Jerrabomberra Wetlands

Sun 04 February 2018 07:30am

Sue Lashko

To celebrate World Wetlands Day (2 February), during this morning outing we will visit Kelly Swamp and Jerrabomberra Creek. Depending on numbers, the group may be divided into two, so a volunteer to lead a possible second group would be appreciated. Bring hat, sunscreen, water and, if you have one, a telescope. Meet at 7.30am in the carpark at the end of Dairy Road, Fyshwick. No booking required.

Post event report

To celebrate World Wetlands Day, COG held its annual outing, attended by 16 participants, many of whom were relatively new to birding.  The theme for 2018 was ‘Wetlands for a Sustainable Urban Future’ emphasising that wetlands are prized land, not wasteland, and they make cities liveable.  This certainly seems very pertinent in relation to Jerrabomberra Wetlands, which is undoubtedly the most visited birdwatching destination in the ACT.

While still in the carpark, we had a flypast by 28 Yellow-tailed Black-Cockatoos.  We then spent most of our time in the hides, enjoying the cool morning and the perfect light.  The highlight for most participants was seeing (a new bird for several people) 6 Latham’s Snipe, some very close, with 2 having what appeared to be a minor territorial dispute.  One bird faced away from us, revealing the strong rufous colour in its tail including in close-up scope views.  None of the birds had flags or bands.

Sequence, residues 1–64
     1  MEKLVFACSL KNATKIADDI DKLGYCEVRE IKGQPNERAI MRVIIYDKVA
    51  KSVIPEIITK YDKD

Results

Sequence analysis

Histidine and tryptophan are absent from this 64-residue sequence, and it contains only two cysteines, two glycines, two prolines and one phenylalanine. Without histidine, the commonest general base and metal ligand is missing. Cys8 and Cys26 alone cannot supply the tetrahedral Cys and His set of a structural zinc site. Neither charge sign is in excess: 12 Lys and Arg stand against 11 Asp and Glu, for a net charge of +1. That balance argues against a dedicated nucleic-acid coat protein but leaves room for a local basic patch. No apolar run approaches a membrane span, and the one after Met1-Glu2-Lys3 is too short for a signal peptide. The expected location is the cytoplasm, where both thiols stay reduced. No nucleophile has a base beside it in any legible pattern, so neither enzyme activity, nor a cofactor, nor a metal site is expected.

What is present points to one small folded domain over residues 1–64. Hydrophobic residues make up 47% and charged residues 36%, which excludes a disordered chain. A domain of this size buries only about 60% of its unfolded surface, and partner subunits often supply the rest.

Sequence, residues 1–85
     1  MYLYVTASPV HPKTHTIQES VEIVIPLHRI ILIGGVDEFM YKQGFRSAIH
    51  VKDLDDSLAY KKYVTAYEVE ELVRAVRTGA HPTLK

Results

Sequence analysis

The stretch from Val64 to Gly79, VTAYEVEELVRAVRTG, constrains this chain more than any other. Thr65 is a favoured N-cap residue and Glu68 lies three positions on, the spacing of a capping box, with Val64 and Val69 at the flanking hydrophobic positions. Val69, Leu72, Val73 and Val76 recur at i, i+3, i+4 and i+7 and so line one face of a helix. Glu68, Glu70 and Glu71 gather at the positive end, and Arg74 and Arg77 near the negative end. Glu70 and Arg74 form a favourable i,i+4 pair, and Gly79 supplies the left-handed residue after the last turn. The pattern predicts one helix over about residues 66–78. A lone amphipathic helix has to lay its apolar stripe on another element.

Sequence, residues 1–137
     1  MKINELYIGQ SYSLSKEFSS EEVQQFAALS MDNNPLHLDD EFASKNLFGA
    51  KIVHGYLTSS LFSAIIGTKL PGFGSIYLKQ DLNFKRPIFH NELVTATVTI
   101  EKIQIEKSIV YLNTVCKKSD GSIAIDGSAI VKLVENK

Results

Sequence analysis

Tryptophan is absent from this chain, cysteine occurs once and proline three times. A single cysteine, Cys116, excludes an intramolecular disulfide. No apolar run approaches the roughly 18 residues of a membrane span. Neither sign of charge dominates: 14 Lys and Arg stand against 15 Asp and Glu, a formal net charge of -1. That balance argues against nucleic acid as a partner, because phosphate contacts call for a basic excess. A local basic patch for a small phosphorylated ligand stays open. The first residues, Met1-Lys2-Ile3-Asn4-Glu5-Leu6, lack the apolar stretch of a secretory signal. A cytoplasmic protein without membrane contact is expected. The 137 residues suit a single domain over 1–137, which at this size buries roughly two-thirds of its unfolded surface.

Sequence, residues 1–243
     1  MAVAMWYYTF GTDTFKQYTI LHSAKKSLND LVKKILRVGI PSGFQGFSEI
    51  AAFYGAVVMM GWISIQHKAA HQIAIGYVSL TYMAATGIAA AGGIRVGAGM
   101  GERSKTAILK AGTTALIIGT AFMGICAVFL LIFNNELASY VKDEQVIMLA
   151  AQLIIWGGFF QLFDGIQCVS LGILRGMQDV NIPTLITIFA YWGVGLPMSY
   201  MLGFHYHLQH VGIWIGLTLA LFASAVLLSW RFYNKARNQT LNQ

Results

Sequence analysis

Duck numbers and variety were low but it was pleasing to see one male Chestnut Teal.  A Royal Spoonbill demonstrated its distinctive feeding technique and its impressive plumes.  Australasian Swamphen and Dusky Moorhen with large offspring enabled close up looks of differing bill colours compared to adult birds, and Eurasian Coots obligingly stood out of the water so we could see their weird lobed toes.  At least 3 Black-fronted Dotterel put in an appearance.

Also seen from Ardea hide were 3 perched juvenile Dollarbirds, with no sign of the adults.

We then circled the wetlands, adding a number of bush and grassland birds.  One observer saw a European Greenfinch before it quickly disappeared.  A pair of Golden-headed Cisticola put on a great show, perching on various treetops, allowing great scope views as well as photographic opportunities; again, this was a new bird for several people.  A large begging young Australian Reed-Warbler sitting low in a Casuarina was periodically fed by its parents.

The total species count was 57.

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